A St. Paul native has been awarded the world's top prize in medicine.
Randy Schekman, along with American James Rothman, and Germany's Thomas Suedhof, won the 2013 Nobel prize for medicine or physiology for their research into how cells organize their transport system, Reuters reports.
Schekman, 64, a University of California, Berkley, professor, was born 1948 in St. Paul and studied at the University of California in Los Angeles and at Stanford University, where he earned a PhD in 1974, the Nobel Prize website notes.
The chairman of the prize committee awoke Schekman at 1 a.m. in his California home, where he was still suffering from jetlag from a trip to Germany, he told the Associated Press.
"I wasn't thinking too straight. I didn't have anything elegant to say," he told the AP. "All I could say was 'Oh my God,' and that was that."
A Berkeley press release says Schekman said, “My first reaction was, “Oh, my god! That was also my second reaction.”
The three researchers were honored for their discoveries about how hormones, enzymes and other substances are transported within cells, the AP notes. The transport amounts to a traffic control system that gives researchers insight into a variety of diseases and immune system ailments, the Nobel committee said.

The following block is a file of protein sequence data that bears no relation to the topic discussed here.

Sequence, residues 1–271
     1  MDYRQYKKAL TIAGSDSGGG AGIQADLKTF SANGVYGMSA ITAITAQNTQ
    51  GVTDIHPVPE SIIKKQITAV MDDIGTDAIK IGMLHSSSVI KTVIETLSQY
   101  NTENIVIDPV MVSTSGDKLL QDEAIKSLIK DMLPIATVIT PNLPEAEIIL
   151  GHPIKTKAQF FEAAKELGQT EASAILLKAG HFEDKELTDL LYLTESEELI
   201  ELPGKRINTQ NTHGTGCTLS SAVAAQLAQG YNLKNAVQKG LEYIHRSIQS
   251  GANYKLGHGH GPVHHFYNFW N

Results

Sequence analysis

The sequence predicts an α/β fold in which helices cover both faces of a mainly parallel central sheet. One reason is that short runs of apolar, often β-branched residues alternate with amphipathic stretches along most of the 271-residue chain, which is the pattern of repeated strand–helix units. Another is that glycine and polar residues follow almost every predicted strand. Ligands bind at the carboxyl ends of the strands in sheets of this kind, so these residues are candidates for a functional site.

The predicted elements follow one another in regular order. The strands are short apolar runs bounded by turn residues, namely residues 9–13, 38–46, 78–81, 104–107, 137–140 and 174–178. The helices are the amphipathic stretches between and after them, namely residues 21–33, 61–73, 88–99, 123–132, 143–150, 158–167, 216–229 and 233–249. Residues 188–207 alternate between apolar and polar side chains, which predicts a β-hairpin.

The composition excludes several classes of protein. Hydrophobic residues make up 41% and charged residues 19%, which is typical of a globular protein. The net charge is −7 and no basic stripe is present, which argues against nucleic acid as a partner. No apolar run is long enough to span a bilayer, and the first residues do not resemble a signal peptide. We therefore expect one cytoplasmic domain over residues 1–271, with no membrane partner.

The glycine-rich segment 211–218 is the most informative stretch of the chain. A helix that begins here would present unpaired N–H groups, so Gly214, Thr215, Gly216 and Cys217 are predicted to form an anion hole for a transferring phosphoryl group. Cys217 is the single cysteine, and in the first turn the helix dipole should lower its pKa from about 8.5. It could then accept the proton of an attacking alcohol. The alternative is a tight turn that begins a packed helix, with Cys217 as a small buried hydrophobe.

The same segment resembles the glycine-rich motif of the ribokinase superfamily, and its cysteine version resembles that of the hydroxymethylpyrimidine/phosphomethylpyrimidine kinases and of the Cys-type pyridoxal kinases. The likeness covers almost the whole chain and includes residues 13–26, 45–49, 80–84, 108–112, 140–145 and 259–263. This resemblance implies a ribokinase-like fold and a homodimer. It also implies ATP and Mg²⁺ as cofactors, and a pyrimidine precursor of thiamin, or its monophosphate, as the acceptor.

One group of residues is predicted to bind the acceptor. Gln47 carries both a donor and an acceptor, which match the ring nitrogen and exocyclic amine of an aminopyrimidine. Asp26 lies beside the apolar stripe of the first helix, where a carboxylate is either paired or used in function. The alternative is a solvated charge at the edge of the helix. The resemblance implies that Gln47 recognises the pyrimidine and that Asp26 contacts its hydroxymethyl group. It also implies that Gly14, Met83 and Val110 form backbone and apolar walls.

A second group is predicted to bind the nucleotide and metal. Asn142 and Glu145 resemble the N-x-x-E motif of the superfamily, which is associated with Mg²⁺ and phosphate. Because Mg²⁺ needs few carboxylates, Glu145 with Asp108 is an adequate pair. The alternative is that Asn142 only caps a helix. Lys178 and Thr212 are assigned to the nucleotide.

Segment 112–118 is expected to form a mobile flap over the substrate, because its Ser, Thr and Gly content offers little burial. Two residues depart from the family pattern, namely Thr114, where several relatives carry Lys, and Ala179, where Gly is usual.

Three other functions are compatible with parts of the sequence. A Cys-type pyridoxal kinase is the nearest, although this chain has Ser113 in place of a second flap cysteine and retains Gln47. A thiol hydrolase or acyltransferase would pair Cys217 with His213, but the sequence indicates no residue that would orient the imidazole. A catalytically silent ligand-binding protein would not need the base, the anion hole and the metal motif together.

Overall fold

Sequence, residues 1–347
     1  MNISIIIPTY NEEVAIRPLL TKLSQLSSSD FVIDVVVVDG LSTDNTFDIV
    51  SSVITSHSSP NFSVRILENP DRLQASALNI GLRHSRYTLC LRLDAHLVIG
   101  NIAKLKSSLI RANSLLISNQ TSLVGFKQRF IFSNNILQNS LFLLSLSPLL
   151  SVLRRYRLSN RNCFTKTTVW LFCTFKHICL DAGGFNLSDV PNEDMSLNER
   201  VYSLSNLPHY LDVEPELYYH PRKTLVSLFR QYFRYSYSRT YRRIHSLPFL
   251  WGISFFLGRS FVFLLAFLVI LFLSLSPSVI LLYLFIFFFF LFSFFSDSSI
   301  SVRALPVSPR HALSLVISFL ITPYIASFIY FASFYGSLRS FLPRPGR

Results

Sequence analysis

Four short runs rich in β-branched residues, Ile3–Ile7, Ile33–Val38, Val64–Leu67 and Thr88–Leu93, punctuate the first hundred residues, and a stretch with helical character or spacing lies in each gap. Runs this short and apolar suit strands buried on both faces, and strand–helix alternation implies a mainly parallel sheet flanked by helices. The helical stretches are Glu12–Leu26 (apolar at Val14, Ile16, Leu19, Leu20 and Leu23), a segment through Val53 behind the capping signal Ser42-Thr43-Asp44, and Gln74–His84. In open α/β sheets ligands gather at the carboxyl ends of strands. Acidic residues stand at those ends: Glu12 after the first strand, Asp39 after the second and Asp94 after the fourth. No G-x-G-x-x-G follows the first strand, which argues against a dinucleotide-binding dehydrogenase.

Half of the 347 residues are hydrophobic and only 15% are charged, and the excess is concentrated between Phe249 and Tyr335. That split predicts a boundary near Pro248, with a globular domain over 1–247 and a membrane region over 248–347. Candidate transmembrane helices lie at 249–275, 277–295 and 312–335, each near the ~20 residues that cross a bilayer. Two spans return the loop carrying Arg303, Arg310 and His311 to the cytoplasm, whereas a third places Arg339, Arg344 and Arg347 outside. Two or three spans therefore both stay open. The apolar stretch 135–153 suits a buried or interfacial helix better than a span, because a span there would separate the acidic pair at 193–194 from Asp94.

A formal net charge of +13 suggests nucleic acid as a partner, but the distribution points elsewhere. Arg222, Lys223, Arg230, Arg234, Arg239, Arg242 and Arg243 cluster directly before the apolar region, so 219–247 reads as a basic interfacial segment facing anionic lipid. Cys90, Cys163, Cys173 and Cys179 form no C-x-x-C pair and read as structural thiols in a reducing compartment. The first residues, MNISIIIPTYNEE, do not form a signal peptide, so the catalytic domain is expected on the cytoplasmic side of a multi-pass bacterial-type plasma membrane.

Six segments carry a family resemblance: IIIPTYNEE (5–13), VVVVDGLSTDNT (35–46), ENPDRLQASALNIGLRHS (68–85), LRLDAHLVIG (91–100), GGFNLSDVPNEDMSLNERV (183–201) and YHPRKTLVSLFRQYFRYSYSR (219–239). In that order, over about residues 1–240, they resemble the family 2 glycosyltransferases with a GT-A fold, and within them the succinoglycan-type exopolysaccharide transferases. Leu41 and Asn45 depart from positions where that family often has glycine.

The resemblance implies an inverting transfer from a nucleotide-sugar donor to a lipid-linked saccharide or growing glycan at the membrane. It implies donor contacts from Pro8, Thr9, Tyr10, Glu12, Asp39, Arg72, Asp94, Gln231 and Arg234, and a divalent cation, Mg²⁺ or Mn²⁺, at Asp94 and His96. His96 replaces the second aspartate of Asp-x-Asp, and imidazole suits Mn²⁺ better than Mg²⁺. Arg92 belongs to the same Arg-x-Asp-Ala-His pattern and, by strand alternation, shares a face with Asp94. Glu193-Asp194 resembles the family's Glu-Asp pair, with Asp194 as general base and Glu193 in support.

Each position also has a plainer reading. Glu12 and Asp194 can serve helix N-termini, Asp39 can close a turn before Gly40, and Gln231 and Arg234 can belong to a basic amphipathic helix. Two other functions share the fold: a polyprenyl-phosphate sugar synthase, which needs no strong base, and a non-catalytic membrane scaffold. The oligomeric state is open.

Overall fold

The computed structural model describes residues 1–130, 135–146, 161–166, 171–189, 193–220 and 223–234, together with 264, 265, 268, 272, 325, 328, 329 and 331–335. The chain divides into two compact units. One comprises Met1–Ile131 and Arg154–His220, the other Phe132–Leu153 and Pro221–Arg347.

"The three Nobel Laureates have discovered the molecular principles that govern how this cargo is delivered to the right place at the right time in the cell," the Nobel committee said.
In the future, the research could lead to medicines for the fight against some types of epilepsy, diabetes and other metabolism problems, Nobel committee secretary Goran Hansson told the AP.
Berkeley's website says Schekman's research "led directly to the success of the biotechnology industry, which was able to coax yeast to secrete useful protein drugs, such as insulin and human growth factor, using Schekman’s discoveries."
There's more on Schekman and his research here.
Medicine is the first of the Nobel prizes awarded each year, followed this week and next by prize announcements for physics, chemistry, literature, economics and peace, Reuters notes. The awards were established in 1901 in accordance with the will of dynamite inventor and businessman Alfred Nobel.